What is next for you creatively?

I’ve worked with artist Sara Sciabbarrasi on creating a graphic novel of the Peter Pan is Dead script which you can order online now. I’d like to start concentrating on multi-disciplinary work. I like the idea of bringing things together that people don’t think necessarily belong together… like theatre and comic books. So creatively, much more of that. The graphic novel is on sale here: http://peterpanisdead.storenvy.com/products/9117253-peter-pan-is-dead-graphic-novel

Peter Pan is Dead graphic novel preview 2

I also have a product line of “wine-cessories” called Cork & Wood which I’m going to be expanding on substantially this coming year. They’re on sale here: http://corkandwood.storenvy.com/

-Sem

Interview: Rony Tennenbaum!

Underneath This just had the inspiring and enjoyable experience of interviewing Rony Tennenbaum, an out and outspoken gay designing jeweler striving to make a difference in and for his community. Please read more about Rony (adapted from a press release bio) before proceeding to the interview.

Rony has long served the LGBTQ+ community regardless of the law, carving the hopes and dreams of same-sex couples in gold and diamonds, and sending a strong message of inclusiveness to the LGBTQ+ community.

What makes Rony particularly current and newsworthy is his ongoing contribution to the LGBTQ+ community and how he positioned himself as a recognized and sought-after authority on LGBT wedding jewelry fashion and protocol.

As we continue to celebrate the consistent string of victories in the legalization of gay marriage, more mainstream stores are calling upon his expertise to break into the LGBTQ+ wedding market. Why? Because they want someone who assimilates with that community and can provide valuable “insider” information about the culture and ethos of an audience they know little about.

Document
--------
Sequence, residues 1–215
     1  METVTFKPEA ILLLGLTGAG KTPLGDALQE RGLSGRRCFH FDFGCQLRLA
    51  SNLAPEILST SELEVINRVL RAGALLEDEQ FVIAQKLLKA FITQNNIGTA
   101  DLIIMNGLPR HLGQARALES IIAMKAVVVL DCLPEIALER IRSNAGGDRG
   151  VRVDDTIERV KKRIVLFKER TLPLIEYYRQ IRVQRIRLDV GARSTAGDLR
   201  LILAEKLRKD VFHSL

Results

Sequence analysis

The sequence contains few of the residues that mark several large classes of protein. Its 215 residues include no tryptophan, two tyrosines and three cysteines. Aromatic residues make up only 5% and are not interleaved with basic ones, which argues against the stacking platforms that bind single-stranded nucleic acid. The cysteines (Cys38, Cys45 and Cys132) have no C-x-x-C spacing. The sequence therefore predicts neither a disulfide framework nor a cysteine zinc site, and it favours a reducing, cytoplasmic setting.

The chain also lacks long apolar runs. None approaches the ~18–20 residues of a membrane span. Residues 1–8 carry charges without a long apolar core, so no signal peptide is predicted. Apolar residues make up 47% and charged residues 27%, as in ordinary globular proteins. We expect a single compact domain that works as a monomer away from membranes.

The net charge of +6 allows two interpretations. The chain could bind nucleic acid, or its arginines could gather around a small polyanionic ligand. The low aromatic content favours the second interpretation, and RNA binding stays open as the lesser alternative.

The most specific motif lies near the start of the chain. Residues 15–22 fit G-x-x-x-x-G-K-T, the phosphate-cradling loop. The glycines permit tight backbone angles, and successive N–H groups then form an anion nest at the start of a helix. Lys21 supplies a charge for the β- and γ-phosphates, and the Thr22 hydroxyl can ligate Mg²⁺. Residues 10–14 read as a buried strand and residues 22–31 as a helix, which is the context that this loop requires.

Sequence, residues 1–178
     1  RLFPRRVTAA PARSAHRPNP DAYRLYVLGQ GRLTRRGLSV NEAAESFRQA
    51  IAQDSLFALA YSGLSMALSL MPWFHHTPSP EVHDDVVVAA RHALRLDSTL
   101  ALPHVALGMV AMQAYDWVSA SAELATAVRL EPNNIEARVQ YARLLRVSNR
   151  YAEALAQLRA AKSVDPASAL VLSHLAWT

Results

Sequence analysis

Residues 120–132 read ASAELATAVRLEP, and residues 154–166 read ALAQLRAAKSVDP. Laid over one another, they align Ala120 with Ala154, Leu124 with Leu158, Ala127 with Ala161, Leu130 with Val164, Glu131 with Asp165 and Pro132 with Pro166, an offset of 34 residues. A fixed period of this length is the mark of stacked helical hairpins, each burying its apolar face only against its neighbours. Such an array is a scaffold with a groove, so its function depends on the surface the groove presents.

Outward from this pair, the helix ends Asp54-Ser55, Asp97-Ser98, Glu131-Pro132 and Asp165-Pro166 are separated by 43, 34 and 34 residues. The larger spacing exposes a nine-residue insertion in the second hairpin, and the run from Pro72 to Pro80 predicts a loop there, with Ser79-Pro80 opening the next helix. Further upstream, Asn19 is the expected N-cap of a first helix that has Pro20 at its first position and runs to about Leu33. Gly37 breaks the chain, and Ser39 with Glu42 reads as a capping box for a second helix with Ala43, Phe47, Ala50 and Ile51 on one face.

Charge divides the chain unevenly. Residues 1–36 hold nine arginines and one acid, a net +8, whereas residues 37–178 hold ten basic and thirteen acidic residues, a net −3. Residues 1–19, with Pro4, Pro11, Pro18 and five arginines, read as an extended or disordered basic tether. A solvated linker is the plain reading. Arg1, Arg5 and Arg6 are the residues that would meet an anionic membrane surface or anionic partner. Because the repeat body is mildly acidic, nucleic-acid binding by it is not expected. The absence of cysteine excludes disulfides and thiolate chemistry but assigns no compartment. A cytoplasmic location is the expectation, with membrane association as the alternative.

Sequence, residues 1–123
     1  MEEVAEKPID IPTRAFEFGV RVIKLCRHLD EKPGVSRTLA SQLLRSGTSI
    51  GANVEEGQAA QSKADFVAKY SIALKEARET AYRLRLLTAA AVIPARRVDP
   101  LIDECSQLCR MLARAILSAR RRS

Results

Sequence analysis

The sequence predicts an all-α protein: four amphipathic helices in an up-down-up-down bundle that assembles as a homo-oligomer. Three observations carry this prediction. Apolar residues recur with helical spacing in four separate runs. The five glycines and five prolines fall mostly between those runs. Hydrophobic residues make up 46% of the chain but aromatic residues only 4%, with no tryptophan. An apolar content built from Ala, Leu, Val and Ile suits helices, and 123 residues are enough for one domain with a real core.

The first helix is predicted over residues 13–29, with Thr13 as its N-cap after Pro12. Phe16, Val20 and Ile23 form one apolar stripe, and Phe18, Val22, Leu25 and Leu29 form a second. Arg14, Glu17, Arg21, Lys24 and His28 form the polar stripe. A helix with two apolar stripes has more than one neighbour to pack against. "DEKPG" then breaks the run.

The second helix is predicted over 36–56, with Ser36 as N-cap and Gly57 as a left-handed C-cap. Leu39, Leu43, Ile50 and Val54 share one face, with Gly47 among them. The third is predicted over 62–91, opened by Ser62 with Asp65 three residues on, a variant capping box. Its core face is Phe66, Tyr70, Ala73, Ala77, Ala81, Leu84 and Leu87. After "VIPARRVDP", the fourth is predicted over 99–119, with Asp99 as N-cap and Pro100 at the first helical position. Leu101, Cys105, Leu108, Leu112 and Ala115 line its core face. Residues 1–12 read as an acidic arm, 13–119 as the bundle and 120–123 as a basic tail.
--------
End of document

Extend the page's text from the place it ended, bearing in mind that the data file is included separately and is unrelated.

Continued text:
Though these retailers recognize the need for the niche, most of them do not know how to approach it.  In the optic of remaining politically correct and genuine in their marketing initiative and intention, they seek Rony’s expert understanding in the culture, tastes and needs of the LGBTQ+ community, as well as the jewelry and diamond worlds.

What makes Rony stand out from the rest of the jewelry designers looking to capitalize on the current momentum created by the continuing marriage equality victories, is the fact that not only is he part of that community (he has been with his husband for 21 years); but he also comes with the whole package: the trendy high-end (yet affordable) Jewelry collection, the style & fashion, and the knowledge (education/tutorial).

Moreover, Rony doesn’t just ship his collection to be added to bridal cases across the country, he actually takes the time to visit the many stores carrying his brand to EDUCATE both consumers and retailers about the new options in wedding jewelry etiquette and consults about making educated purchases.  Often forgotten is the fact that gay couples can feel uncomfortable shopping at stores for jewelry together because they don’t really know if it’s a store that will frown upon it. Every store carrying Rony’s brand, which welcomes gay and straight couples, strive to provide a comfortable location for people to shop regardless of sexual orientation.